Static and dynamic wetting of aligned nanorod arrays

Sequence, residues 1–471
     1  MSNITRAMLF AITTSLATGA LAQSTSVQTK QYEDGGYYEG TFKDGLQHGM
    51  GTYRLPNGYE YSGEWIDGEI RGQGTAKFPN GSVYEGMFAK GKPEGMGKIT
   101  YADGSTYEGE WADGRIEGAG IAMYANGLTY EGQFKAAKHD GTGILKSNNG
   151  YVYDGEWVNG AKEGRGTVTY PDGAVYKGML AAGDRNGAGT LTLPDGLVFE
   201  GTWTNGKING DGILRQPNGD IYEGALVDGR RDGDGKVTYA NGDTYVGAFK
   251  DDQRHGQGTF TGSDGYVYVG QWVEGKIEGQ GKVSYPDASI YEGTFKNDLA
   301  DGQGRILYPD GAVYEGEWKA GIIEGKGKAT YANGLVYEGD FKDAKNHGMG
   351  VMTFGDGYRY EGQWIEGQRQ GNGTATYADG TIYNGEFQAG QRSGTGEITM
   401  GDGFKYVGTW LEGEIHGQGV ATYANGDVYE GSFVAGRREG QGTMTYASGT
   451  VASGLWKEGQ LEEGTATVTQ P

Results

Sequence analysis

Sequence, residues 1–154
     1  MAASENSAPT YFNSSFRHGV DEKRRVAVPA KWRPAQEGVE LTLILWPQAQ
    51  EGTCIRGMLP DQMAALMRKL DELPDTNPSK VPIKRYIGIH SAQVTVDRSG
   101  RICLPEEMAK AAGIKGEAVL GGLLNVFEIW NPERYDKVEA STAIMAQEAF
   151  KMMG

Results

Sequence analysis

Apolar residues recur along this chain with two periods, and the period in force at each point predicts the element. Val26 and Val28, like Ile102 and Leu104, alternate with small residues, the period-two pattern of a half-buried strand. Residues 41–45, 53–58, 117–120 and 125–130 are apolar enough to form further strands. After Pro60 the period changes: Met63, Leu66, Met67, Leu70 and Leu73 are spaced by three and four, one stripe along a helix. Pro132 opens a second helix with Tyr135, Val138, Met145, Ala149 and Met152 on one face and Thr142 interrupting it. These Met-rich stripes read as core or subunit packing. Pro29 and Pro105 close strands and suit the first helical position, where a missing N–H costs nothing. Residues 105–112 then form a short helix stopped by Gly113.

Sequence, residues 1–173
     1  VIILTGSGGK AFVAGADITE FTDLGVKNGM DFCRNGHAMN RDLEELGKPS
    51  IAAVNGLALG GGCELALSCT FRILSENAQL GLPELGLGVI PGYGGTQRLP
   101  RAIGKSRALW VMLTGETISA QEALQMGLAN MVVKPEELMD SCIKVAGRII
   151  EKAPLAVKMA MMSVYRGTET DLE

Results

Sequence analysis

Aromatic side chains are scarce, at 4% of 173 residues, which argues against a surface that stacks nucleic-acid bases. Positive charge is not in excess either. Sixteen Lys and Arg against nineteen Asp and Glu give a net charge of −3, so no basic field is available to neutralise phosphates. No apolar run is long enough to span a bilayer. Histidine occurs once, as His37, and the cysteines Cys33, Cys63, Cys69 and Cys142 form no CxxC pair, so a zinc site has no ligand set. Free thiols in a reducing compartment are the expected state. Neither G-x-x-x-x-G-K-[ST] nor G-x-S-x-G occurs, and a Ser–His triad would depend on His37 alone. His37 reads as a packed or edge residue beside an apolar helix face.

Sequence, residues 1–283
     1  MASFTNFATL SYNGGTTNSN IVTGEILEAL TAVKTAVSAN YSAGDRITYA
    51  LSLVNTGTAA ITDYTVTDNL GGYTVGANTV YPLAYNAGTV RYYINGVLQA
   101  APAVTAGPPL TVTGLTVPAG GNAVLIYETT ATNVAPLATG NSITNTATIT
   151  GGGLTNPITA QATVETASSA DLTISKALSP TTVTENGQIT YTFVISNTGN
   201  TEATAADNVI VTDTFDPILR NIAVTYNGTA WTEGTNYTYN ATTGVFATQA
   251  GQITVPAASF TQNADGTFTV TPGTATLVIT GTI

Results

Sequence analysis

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A systematic study of the static and dynamic wettability of nanorod array surfaces prepared by glancing angle deposition is presented. The static wettability of the aligned Si nanorod array surfaces was investigated by the sessile drop method. As-prepared nanorod samples were hydrophilic, while after hydrofluoric acid treatment or fluorocarbon coating, they became hydrophobic. The contact angle ¸ was oosuccessfully tailored from superhydrophilic (¸ = 3) to superhydrophobic (¸ = 170) by controlling the nanorod height, rod-rod separation, and chemical treatment. For the as-prepared samples, a wetting transition from a porous surface to a hemi-wicking surface was observed as the nanorod height increases. For HF treated samples, a transition from rough surface to composite surface was also observed. The transitions took place at the same critical nanorod height about 150 nm. The superhydrophilic and superhydrophobic behaviors as well as the wetting transitions are well interpreted by Wenzel’s law and Cassie’s law. In the wetting experiment, nanorods bundled together to form patterns. This nanocarpet phenomenon presents a challenge for high aspect-ratio nanostructures to be used in liquid environments. Both the morphology of the pattern and the physical origin were investigated theoretically and experimentally. The bundling was caused by unbalanced capillary forces acting on the nanorods either during the spreading process or the drying process. Thus controlling the wetting and dewetting process may reduce the bundling. Furthermore, the mechanical stability of several nanorod structures was compared and a capping layer method was proposed to minimize the nanorods from bundling. Dynamic spreading and capillary rise experiments were investigated by fast CCD video imaging. During the spreading of water droplets on the nanorod surface, water also penetrates into the nanorod channels and transports faster than the apparent contact line. The contact line dynamics was similar to those on flat surfaces due to the spreading of the precursor film inside the nanorod channels ahead of the contact line. And the evolution of the precursor film follows Washburn’s law. The scaling of these dynamics is almost not affected by the nanorod heights. For the capillary rise, the contact line and precursor dynamics are more complicated and they are affected by the sample size as well as the gravity effect.